Agence France Presse (11.08.11) - Tuesday, November 08, 2011
The former president of Botswana wants the country to
decriminalize prostitution in order to facilitate HIV
prevention initiatives with sex workers. One in four adults
have HIV in Botswana, and that rate has hardly moved during
the last decade.
"Decriminalizing sex work does not mean encouraging it, but it
would rather pave way for policies that protect those that
have been forced into the trade," Festus Mogae told a recent
meeting of the National AIDS Council, which he heads. "They
will be able to report men who forcibly put them at risk of
contracting the virus, and in turn men who seek their services
will no longer abuse them as might be the situation now."
The proposal has the support of the main opposition party and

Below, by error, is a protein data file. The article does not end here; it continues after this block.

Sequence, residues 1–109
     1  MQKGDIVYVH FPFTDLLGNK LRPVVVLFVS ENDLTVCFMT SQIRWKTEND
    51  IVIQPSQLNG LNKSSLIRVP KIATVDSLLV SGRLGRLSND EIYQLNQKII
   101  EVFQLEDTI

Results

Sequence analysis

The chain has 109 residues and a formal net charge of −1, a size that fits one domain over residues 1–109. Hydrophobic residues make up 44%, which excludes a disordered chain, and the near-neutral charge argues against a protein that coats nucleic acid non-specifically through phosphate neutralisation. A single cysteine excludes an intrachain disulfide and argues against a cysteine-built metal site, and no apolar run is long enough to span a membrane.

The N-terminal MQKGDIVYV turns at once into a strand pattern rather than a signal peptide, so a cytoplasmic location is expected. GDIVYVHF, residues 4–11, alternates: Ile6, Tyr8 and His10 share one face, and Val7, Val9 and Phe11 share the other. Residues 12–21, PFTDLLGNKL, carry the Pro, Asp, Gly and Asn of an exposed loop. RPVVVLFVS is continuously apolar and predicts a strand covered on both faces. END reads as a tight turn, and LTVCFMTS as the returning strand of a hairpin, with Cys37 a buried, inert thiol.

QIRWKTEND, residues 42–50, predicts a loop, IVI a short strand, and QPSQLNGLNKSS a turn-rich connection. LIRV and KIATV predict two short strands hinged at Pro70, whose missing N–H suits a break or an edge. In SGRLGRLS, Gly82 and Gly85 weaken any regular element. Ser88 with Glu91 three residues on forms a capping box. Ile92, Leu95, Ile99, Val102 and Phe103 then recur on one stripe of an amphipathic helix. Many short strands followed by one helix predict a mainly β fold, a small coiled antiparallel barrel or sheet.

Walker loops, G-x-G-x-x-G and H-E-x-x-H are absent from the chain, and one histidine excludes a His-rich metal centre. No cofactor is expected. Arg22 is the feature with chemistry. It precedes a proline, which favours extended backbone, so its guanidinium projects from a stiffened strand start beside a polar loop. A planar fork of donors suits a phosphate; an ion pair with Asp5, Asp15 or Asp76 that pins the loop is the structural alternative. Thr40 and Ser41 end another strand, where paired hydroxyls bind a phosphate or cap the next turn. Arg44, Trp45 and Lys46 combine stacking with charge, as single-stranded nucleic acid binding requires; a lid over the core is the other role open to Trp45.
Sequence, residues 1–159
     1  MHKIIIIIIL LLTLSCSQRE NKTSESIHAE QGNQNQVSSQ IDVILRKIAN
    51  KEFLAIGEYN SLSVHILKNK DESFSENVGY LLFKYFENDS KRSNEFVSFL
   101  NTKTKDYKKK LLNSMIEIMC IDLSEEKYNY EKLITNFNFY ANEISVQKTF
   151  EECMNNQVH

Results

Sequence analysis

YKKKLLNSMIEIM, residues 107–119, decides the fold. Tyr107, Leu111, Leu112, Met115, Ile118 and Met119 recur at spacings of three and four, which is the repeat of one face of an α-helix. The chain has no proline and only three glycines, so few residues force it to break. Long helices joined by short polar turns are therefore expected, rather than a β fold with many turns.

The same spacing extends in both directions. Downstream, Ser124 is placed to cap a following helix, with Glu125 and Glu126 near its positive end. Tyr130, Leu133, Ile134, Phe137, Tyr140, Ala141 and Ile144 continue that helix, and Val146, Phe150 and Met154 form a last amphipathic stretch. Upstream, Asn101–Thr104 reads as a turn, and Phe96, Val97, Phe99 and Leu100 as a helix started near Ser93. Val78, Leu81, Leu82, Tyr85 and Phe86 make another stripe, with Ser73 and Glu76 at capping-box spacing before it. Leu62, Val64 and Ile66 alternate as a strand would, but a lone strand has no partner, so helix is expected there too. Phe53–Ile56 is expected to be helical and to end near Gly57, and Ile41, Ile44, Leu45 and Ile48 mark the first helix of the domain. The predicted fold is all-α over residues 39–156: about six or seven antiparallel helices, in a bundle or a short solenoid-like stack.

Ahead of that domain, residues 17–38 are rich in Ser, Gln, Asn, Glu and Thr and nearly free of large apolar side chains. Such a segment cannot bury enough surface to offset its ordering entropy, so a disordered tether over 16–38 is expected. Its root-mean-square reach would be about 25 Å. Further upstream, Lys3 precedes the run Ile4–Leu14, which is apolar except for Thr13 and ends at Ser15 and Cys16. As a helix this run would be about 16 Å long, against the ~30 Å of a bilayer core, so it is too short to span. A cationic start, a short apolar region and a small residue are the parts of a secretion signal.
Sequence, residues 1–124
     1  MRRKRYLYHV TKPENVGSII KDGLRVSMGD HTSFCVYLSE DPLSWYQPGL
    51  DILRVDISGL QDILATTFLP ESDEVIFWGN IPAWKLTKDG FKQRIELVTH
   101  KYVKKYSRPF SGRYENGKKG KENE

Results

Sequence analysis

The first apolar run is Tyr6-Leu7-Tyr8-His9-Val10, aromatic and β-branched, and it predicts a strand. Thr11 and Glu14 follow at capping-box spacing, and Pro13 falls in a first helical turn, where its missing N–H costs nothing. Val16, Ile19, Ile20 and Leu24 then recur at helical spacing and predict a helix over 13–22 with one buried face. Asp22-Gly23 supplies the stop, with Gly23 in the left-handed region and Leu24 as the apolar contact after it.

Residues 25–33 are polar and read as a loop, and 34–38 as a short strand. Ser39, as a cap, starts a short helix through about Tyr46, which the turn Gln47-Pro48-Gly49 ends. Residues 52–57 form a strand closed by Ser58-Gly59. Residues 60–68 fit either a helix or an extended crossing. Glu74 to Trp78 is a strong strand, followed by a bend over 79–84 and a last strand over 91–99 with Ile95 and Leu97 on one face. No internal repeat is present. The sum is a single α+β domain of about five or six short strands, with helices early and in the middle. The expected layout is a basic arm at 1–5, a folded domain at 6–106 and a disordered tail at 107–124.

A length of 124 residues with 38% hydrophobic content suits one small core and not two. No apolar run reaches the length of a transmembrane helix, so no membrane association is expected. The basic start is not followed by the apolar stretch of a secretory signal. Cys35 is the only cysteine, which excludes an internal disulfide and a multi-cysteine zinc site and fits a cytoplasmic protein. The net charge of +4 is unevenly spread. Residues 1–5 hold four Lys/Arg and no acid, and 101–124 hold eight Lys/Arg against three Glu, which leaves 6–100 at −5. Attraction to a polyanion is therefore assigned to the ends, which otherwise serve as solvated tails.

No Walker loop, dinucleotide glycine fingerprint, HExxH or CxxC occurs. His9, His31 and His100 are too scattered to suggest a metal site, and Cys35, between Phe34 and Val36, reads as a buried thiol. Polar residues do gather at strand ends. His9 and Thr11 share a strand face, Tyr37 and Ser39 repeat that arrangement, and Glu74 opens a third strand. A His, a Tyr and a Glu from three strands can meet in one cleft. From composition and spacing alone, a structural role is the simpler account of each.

its leader as well as the Botswana Network on Ethics, Law and
HIV/AIDS. However, it faces a backlash among some religious
groups, and the ruling Botswana Democratic Party, which Mogae
once led, has yet to take a position.
"Sex according to Christian values is meant for people in a
marriage with the aim to procreate," said Father William
Horlu, a Roman Catholic Church spokesperson. "It is taboo to
engage in sex for money and I hope Botswana, being a Christian
country, will not allow the trade to be decriminalized."
"We cannot talk about the church way because it has failed in
history," said Mogae, who has also proposed scrapping
Botswana's anti-sodomy law. He plans to bring his
recommendation to the cabinet and parliament.